• The power a PM can wield, or the capacity to act in a presidential manner, is one which fluctuates. This ebb and flow is visible not only between premiers but within premierships. George Jones has compared the PM’s power to an elastic band, which stretches depending on personality and circumstances.
  • Another theory that has been applied to the power of the Prime Minister debate is Pareto’s idea about a “circulation of elites”. Pareto, pace Machiavelli, attempted to explain the nature of political change when arguing that a powerful group rises to power, decays, and then is replaced by another group.
  • Alternatively we could suggest that the public becomes tired of leaders after an extended period of time and demand change. Some political commentators have put forward the so called “10 year rule”.
  • Foley’s theory of presidentialism and “leadership stretch” can be a double edged sword, and lead to a decline in power. Blair’s conscious attempt to create a singular focus on his personal leadership beyond the normal framework of institutional governance left him exposed when things went wrong, i.e. after the Iraq invasion.
  • PMs may have become more presidential in style, thus giving the impression of massively increased power. But important constitutional differences remain between UK premiers and US president, principally due to the separation of powers.
  • Constitutional scholars have been arguing for decades that the PM v Cabinet debate is outmoded and analysis of power relations should not be viewed as a zero sum game that is all about the personality of the Prime Minister. A far more sophisticated analysis would move beyond this binary game and incorporate study of the core executive, and the nature of power dependency within it.

Liz Truss as PM: the context

A brief summary of the points covered in class before we placed Truss as PM in the essay.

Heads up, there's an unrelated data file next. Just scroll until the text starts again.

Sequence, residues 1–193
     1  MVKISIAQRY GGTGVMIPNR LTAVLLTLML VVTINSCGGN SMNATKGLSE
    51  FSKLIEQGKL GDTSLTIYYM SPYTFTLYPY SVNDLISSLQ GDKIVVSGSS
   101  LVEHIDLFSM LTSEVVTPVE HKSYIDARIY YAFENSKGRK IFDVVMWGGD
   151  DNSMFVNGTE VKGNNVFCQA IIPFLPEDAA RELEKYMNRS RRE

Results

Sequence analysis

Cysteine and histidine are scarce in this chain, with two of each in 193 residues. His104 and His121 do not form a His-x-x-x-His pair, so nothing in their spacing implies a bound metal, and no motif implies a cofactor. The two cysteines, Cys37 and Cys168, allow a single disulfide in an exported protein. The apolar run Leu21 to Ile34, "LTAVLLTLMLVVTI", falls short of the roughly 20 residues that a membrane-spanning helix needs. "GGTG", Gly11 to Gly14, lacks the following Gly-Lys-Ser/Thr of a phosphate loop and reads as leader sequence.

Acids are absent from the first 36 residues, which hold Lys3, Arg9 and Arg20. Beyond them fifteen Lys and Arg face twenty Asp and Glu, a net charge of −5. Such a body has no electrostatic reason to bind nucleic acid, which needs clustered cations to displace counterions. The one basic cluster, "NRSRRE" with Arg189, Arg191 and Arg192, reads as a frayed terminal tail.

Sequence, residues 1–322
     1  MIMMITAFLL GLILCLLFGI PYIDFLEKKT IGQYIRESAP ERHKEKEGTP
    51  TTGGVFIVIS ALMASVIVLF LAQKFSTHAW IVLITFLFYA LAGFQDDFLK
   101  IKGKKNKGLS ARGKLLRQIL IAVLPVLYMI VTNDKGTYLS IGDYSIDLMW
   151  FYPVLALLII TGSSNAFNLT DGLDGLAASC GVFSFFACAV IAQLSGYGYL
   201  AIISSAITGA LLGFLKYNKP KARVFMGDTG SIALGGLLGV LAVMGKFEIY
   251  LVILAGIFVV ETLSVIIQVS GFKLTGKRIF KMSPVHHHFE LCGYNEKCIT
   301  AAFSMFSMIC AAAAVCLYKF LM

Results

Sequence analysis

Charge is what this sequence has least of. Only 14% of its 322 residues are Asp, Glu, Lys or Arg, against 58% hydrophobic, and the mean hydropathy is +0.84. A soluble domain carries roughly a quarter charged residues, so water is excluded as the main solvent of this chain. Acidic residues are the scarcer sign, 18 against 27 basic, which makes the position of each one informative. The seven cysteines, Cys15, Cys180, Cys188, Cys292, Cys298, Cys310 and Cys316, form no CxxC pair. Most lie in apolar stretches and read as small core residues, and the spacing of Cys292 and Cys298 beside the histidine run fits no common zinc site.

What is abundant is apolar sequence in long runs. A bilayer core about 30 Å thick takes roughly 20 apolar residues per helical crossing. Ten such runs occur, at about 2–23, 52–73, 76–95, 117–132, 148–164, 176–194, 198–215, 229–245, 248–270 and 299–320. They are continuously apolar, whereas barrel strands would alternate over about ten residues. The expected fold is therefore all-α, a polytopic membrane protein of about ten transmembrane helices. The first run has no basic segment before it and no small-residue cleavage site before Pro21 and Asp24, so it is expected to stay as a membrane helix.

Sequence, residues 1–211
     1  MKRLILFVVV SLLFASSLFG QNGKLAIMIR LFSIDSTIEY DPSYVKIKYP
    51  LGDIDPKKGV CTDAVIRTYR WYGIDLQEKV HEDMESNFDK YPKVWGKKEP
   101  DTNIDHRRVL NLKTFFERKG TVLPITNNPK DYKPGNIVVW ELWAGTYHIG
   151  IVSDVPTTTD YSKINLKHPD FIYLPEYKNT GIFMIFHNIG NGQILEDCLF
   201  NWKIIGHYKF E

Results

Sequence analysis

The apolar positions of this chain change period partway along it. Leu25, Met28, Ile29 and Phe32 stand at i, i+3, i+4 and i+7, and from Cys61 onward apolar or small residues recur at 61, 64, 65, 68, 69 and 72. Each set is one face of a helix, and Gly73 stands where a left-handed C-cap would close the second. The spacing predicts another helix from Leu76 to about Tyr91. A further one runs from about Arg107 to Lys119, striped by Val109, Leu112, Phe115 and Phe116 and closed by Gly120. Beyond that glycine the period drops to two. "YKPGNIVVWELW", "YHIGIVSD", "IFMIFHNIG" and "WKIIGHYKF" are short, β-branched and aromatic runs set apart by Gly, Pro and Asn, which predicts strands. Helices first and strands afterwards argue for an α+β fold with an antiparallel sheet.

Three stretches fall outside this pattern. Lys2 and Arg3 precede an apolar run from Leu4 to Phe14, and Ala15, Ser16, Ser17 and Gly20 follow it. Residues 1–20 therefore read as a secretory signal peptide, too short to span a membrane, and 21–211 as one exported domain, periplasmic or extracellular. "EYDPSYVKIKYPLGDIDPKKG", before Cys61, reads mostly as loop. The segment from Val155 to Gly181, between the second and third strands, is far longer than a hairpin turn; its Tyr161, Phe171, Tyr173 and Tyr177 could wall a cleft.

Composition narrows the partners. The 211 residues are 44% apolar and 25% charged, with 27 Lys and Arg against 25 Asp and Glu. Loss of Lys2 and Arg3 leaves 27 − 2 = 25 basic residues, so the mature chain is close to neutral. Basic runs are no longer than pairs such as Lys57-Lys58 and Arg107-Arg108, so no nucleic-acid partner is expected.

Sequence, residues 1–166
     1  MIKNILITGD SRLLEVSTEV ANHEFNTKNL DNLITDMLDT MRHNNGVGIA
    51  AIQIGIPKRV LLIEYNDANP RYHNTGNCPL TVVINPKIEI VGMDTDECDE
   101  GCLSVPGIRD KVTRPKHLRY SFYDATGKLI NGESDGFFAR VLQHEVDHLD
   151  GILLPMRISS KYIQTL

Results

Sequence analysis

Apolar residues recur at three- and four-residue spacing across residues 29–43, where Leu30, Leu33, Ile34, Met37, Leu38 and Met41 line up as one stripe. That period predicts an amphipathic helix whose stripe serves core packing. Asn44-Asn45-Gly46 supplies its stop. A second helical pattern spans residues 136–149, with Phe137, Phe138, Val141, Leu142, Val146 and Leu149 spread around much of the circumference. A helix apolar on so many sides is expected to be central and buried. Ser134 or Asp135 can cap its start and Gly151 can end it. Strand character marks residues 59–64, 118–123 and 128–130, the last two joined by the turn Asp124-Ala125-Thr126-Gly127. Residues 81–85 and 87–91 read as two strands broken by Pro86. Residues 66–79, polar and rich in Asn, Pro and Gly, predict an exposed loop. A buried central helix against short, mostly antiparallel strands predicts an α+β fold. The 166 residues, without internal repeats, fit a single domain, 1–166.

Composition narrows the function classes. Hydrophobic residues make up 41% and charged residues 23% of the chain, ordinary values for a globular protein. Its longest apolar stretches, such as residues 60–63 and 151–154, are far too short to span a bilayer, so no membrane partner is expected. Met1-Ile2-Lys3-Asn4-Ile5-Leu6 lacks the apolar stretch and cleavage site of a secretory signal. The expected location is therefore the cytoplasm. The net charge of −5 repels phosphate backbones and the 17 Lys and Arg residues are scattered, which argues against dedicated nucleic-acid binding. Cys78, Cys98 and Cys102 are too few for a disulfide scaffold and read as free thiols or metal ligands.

• In the UK, economic sovereignty, and thus the capacity of the Prime Minister to control economic policy to any significant degree, in an era of globalisation is a myth.
  • No country has true economic sovereignty: UK monetary and fiscal policy is determined by, or at least strongly influenced by, external forces. Other organisations, such as the World Trade Organisation (WTO) and OPEC, exert a stronger influence on macroeconomic policy than our domestic leadership.
  • Then in the case of Liz Truss as Prime Minister, she spectacularly failed to fully consider the reaction of the financial markets (specifically, the bond markets), who reacted badly to the announcement that the government was to slash taxes without also addressing unprecedented public spending levels.
  • True, it was initially labelled as Kwasi Kwarteng’s mini-budget, since as Chancellor, he made the Commons announcement, and was sent out to defend the plans in the media. But in reality it was Truss as PM (heavily influenced by the free market think tank the Institute of Economic Affairs, and surrounded by a small bunch of special advisers) that was driving things. As a result, attention very quickly focused on Truss as PM, and as many of the measures in the budget were reversed, her personal standing collapsed.
  • Reminder: one national newspaper carried a livestream asking the public to consider if Liz Truss would survive longer as PM than a lettuce on a shelf.

Conclusions on Truss and essay content?

In terms of analysis, therefore, we considered this to be an example of how the power of the PM is a double-edged sword. In other words, the presidentialisation (going back to Foley's thesis) of the office accentuates periods of success and failure.

And in terms of evaluation the Truss premiership is yet more evidence that the power of the PM ebbs and flows, and it flowed from Truss as PM in chaotic and spectacular fashion.

Mike McCartney

Mike is an experienced A-Level Politics teacher, author and examiner.